The day Olga Edwards took her own life, five months after her former partner murdered their children, Jack, 15, and Jennifer, 13, Natasha Stott Despoja was having lunch with Rosie Batty.
“It was such a positive lunch,” says Stott Despoja, the founding chair of Our Watch, a national organisation dedicated to driving cultural and attitudinal change to prevent violence against women and their children.
“I was marvelling at Rosie’s will to bring about change and her desire for good to come from Luke’s murder. She seemed optimistic about the progress made in preventing family violence and was looking towards new opportunities to make a difference to Australia.
“I got back to the hotel and heard the news and got a text from Rosie, ‘another wasted life … but so very understandable’, she said, and I just felt this weight of this poor woman, of both of them.
“The police said it was as good as murder: he destroyed her life, he was abusive to her, he killed their children, all of us struggle to comprehend what kind of man does that, but then for her, the unimaginable pain and horror of her life.”
In 2016 Stott Despoja left her position as Australia’s ambassador for women and girls.
“There are people I have met and things I've seen in the last few years that have shaken me,” she said then.
It seems not a lot has changed. Stott Despoja, the youngest woman to enter parliament, serving as a senator from 1995 to 2008, has been a lifelong advocate for gender equality. Now she’s written a book On Violence, the latest installment, in Melbourne University Press’ challenging On … series - little books on big ideas.
It’s not an easy read but it's a book everyone should read. While we’re all aware of the statistics, or we think we are, seeing them in black and white, on the page, is startling still.
“Worldwide, more than one in three women has been beaten, coerced into sex, or abused in some way," she writes. "Every 10 minutes, somewhere in the world, an adolescent girl dies as a result of violence. Child marriage affects about 14 million girls every year, robbing them of both their childhood and a future in which they can unlock their full potential. The use of rape as a tactic of war in Iraq, Syria and elsewhere, the trafficking of women into sexual slavery and domestic servitude, sexual violence against internally displaced women and girls, the kidnapping of schoolgirls in parts of Africa, attacks on girls for simply having the determination to catch a bus to school, the daily horror of domestic and family violence in countries of the Pacific, including South Asia and Australia - these are but a few examples of the patterns of gender-based violence around the globe.
“Little wonder the World Health Organisation describes violence against women as an ‘epidemic’. In Australia, I call it a national emergency.”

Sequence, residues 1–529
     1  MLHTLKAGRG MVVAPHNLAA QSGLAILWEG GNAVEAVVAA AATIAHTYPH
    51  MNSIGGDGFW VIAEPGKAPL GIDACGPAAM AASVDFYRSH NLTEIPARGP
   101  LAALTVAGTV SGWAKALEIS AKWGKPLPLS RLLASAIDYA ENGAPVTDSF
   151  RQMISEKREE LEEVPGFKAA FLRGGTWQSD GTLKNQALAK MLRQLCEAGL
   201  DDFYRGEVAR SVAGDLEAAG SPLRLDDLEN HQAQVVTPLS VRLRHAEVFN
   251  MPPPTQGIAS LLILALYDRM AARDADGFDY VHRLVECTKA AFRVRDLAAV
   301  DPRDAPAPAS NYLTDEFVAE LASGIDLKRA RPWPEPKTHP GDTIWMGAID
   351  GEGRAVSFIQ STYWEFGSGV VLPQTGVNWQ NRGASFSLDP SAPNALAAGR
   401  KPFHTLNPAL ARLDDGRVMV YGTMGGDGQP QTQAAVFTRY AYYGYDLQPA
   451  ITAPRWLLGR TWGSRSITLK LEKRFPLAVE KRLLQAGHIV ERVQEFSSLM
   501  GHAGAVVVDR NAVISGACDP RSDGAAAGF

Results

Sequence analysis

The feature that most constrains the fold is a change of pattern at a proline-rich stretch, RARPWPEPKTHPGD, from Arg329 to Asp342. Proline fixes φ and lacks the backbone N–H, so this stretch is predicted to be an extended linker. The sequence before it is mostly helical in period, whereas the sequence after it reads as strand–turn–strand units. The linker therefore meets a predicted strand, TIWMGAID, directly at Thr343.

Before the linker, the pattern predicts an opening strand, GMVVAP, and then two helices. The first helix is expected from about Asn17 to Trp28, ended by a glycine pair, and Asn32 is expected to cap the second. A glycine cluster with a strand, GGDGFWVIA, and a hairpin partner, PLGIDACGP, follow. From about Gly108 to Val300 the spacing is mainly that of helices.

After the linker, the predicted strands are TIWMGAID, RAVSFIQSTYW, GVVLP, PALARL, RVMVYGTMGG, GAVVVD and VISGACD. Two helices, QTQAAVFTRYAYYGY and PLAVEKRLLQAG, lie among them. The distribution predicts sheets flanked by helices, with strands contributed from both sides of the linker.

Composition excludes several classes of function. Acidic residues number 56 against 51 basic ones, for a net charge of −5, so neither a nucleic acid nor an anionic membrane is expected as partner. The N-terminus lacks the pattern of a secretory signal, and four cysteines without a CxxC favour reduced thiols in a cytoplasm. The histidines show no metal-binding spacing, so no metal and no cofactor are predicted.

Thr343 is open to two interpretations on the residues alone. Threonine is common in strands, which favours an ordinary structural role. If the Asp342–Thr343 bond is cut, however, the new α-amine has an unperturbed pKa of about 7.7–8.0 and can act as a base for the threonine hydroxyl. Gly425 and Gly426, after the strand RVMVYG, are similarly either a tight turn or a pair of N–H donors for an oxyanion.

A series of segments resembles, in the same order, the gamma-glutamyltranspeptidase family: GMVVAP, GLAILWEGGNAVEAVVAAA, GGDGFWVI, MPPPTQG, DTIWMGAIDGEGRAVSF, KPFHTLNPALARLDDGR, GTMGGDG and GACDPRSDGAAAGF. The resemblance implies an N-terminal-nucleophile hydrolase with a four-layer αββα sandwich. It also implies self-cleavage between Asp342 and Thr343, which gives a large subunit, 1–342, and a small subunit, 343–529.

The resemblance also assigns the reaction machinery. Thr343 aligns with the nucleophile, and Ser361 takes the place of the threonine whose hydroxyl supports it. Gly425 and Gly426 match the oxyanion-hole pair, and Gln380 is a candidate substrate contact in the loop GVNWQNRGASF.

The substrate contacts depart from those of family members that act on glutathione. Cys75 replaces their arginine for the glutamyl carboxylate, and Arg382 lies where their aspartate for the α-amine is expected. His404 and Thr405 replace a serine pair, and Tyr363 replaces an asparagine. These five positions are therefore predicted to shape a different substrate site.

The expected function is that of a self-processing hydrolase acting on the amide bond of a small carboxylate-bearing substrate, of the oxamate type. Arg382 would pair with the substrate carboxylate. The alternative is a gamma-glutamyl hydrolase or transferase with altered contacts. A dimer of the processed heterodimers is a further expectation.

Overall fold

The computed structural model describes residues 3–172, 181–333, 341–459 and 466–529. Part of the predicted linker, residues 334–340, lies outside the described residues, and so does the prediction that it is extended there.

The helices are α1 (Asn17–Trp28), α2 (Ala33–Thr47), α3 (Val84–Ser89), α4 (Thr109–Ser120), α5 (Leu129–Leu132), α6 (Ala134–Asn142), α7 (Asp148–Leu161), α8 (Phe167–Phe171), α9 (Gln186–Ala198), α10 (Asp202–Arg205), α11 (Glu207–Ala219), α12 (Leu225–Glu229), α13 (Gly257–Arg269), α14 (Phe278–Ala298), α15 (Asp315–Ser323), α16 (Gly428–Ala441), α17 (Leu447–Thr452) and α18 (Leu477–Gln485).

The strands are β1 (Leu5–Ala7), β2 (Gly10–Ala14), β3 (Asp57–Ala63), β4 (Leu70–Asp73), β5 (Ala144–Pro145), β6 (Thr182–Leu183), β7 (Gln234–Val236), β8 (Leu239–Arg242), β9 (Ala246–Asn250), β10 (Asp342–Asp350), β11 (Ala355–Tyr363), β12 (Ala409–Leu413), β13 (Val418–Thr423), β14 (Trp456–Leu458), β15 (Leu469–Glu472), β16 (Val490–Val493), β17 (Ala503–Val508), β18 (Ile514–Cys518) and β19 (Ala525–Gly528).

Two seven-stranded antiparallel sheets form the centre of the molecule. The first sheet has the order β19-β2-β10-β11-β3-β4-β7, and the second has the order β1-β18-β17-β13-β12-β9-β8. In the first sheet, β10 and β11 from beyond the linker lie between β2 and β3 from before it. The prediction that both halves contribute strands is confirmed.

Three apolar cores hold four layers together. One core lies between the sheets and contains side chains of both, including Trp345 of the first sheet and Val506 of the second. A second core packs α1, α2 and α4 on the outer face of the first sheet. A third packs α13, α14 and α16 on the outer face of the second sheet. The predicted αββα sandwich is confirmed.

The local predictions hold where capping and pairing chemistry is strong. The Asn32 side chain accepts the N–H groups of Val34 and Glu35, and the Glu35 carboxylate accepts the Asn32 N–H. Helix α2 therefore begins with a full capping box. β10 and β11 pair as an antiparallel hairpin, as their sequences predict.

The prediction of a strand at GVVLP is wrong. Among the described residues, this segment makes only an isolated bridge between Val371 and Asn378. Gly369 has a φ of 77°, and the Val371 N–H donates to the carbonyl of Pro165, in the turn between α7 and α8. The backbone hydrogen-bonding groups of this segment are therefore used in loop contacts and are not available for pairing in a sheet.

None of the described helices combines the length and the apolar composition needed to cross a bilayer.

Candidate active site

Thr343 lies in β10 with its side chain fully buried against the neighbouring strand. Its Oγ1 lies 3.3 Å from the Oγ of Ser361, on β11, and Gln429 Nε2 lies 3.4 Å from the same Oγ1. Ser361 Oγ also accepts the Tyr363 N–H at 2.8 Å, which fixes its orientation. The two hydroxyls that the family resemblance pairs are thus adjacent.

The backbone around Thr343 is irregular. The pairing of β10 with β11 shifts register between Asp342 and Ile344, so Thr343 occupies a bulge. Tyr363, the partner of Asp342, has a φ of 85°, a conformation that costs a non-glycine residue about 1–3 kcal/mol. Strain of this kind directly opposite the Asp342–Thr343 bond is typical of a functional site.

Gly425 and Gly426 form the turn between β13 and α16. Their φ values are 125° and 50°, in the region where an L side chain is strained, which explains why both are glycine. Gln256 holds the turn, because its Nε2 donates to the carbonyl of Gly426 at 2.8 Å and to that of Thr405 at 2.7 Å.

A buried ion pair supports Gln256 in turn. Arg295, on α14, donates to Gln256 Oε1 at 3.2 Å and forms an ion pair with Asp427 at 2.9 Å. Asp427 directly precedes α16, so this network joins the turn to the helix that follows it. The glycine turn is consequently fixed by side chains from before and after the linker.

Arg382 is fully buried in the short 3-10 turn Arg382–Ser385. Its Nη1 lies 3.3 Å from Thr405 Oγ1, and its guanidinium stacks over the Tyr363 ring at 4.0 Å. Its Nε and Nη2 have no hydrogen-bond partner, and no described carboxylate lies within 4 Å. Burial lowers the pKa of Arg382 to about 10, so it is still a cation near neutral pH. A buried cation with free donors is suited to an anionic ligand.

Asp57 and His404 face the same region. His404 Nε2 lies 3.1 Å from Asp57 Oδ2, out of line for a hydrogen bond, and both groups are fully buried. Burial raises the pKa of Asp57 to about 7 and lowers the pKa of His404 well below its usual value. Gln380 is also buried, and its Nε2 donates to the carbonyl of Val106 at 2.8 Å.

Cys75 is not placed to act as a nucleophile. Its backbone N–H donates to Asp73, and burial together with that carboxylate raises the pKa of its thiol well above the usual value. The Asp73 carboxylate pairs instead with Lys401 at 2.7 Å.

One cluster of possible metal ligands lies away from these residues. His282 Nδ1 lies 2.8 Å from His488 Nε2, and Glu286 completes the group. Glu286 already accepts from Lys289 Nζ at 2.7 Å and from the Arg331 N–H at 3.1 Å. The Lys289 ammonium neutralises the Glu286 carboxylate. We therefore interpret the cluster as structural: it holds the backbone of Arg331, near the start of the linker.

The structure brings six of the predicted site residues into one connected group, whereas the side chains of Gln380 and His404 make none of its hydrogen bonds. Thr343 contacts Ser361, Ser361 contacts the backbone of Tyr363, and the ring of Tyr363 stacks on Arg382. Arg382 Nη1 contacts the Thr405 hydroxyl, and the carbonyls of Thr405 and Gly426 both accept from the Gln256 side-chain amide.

During October 2018, Australia experienced a record death toll of women when 11 women were murdered in 27 days. Police get called to one domestic violence matter every two minutes: that’s 657 times a day. One in four women in Australia has experienced physical violence since the age of 15 and every week, on average, a woman is killed. Most of these murders take place in the home, and they are often the final brutal act after a long history of violence. Of the women who experience violence, more than half have children in their care.
Stott Despoja spoke at the National Press Club in November 2013, with former Victorian chief commissioner of police Ken Lay.
“Ken said imagine each week an Australian is murdered at a train station. It would be a front-page news story in each of our capital cities … our public response isn’t at all like we imagined it would be if those victims died not in their family rooms but at train stations.”
She says community awareness is an important part of primary prevention.
“But not just awareness of the death toll or statistics but people understanding they have a role to play, that this is a whole of community mission, little things that all of us do or say every day make a difference.
“Obviously, ultimately, we want perpetrators to stop being violent, there's a very clear role that certain men can play, but there are other things we can all do.
“Every time you laugh at a sexist joke, it may not result in violence but it helps create expectations of women's roles in society, it helps create a society that is not exactly ethical and equal and most importantly respectful.
“Everyone can pitch in and we can play different roles … everyone can do something that leads to a society that's more respectful.”
Stott Despoja, who, while in politics, had bricks thrown through her office window and a bullet left on the doorstep of her family home, has received backlash since the book was released.
“For me to be surprised is very unusual, I've been dealing with backlash for most of adult life, but some of the nasty comments that have been thrown since the book came out, the aggressive tone, the visceral tone of some men towards me, has been sometimes frightening and it is alarming.
“What I have learned is that when you do talk about issues in a raw and honest terms you do face backlash … but it’s surprised me that I’ve felt debilitated by some of the negativity.”
But she wrote the book to start a conversation.
“We often see seemingly trivial issues — such as a slip-up at a Bunnings sausage sizzle — generate more public engagement and policy response than the scourge of violence against women,” she writes.
“We need to do more. We all need to do something.”
On Violence, by Natasha Stott Despoja, Melbourne University Press, $14.99.
Natasha Stott Despoja, in conversation with Lieutenant General David Morrison, on her new book On Violence. March 27, 6.30pm. Kambri Cultural Centre, ANU. anu.edu.au/events